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If now the prime value $P$ gets increased for constant $k$ (order of $g$ still $k$) does this decrease the security? No, for random choice of $g$ among $g$ with large constant order $k$. Why this? If $P \rightarrow \infty$ it would be the normal logarithm .. When $P$ grows, $g$ also grows. So we never reach the threshold where $g^a<P$. Thus we can ...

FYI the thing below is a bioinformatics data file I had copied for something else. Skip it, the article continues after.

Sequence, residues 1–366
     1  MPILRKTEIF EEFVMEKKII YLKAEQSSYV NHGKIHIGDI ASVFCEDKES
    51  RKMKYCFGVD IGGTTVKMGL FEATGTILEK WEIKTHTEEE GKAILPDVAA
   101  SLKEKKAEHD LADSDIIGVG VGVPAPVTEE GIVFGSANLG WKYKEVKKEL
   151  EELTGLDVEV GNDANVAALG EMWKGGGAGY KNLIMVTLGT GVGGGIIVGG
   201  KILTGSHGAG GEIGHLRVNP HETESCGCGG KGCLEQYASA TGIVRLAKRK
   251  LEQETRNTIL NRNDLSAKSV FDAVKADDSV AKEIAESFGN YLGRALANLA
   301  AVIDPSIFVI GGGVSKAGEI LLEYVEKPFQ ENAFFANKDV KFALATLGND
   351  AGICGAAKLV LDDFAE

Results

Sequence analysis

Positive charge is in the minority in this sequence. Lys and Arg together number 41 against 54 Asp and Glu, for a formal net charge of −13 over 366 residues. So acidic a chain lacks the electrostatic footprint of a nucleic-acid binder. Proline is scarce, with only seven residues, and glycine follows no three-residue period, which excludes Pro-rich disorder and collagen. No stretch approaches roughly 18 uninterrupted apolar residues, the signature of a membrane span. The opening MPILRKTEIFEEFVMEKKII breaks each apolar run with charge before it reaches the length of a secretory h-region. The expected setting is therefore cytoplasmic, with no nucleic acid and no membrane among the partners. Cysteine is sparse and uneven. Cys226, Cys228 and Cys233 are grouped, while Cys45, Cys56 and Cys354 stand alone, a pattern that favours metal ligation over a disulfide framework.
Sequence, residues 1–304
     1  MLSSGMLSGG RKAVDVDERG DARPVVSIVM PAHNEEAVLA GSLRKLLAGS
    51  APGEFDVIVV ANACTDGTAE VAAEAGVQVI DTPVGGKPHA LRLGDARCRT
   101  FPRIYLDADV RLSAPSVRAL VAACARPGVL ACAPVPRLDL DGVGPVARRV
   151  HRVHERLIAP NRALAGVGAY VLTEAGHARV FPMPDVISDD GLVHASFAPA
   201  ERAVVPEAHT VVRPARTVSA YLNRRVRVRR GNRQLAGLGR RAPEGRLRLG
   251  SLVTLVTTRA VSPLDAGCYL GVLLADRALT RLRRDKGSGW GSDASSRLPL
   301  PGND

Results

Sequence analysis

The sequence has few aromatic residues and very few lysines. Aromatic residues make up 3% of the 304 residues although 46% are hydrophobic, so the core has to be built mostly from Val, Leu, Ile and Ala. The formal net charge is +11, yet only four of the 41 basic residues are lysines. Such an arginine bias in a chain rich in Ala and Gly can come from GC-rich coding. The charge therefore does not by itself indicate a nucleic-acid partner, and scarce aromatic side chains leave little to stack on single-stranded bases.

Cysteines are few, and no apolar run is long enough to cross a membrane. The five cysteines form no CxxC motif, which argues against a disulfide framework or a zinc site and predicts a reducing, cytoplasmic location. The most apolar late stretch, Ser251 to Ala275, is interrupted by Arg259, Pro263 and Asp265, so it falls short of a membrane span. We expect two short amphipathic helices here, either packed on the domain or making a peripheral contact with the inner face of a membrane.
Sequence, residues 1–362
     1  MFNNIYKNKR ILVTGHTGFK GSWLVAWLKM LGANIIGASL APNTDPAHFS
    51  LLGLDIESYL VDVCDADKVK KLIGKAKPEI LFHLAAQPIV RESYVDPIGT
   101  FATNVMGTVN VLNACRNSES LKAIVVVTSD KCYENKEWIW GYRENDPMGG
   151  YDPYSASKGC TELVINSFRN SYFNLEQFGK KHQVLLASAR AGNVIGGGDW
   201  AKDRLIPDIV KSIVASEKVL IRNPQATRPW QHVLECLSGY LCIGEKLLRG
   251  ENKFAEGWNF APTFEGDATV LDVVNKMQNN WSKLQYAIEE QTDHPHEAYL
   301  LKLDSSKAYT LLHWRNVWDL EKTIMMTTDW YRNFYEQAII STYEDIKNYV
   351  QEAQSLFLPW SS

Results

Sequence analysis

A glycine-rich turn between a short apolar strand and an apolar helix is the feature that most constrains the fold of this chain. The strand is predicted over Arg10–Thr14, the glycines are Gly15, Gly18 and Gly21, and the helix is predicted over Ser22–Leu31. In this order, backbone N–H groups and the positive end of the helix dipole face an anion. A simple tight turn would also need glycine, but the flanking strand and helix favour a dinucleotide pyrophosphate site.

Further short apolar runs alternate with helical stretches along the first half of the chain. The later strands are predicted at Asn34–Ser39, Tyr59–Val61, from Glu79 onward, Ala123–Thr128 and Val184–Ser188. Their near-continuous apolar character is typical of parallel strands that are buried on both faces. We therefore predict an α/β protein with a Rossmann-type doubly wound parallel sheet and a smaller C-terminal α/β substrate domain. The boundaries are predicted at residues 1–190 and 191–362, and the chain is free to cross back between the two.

(I observe $S=c\cdot P$ for some integer $c$.) Is that always the case? Yes. Proof follows. If $g=P$ then $S=0$. We'll disregard this special case in the following. The set $M$ has $k$ elements, with $k$ the lowest strictly positive integer with $g^k\equiv1\pmod P$. This $k$ is known as the order of $g$ modulo $P$. This $k$ divides $P-1$. $M$ also is $\{g^... 1 You've done the hard work by finding that you can obtain$m_i=a_i\,n$for various (unknown but essentially random) values of$a_i$. Now define$n_0=m_0$, and compute$n_i=\gcd(n_{i-1},m_i)$for increasing$i>0$. Sooner rather than later, the$n_i$will converge to$n$. This can be proved rigorously (though we often skip rigorous proofs in a crypto ... 1 This smells like a HW question, so the OP should try it with more hints. By querying this function at$x$, it is easy to tell whether$x\geq n$or$x<n$. Let$k$be a natural number such that$2^k<n\leq 2^{k+1}$, how many queries do you need to find this$k$? Knowing this$k$, how can you figure out$n$? If the modulo operation is part of polynomial ... 3 If you find such you can break RSA. Assuming the order of c is maximal(likely if c is random ciphertext). If we have such distinct exponents 𝑎 and 𝑏 they must be equal mod$\lambda(n) = lcm(p-1,q-1)$. Let the difference between the exponents be$f=b-a$,$f=0\space mod \lambda(n)$We pick a value e coprime with e, pick a small prime and verify. We will ... 2 No! RSA is public-key encryption and in public-key encryption, the known plaintexts are free. Given a public key$(n,e)$we can find many$(p_i,c_i)$such that$c_i = p_i^e \bmod n\$. If this is a weakness, on the first day it will be broken.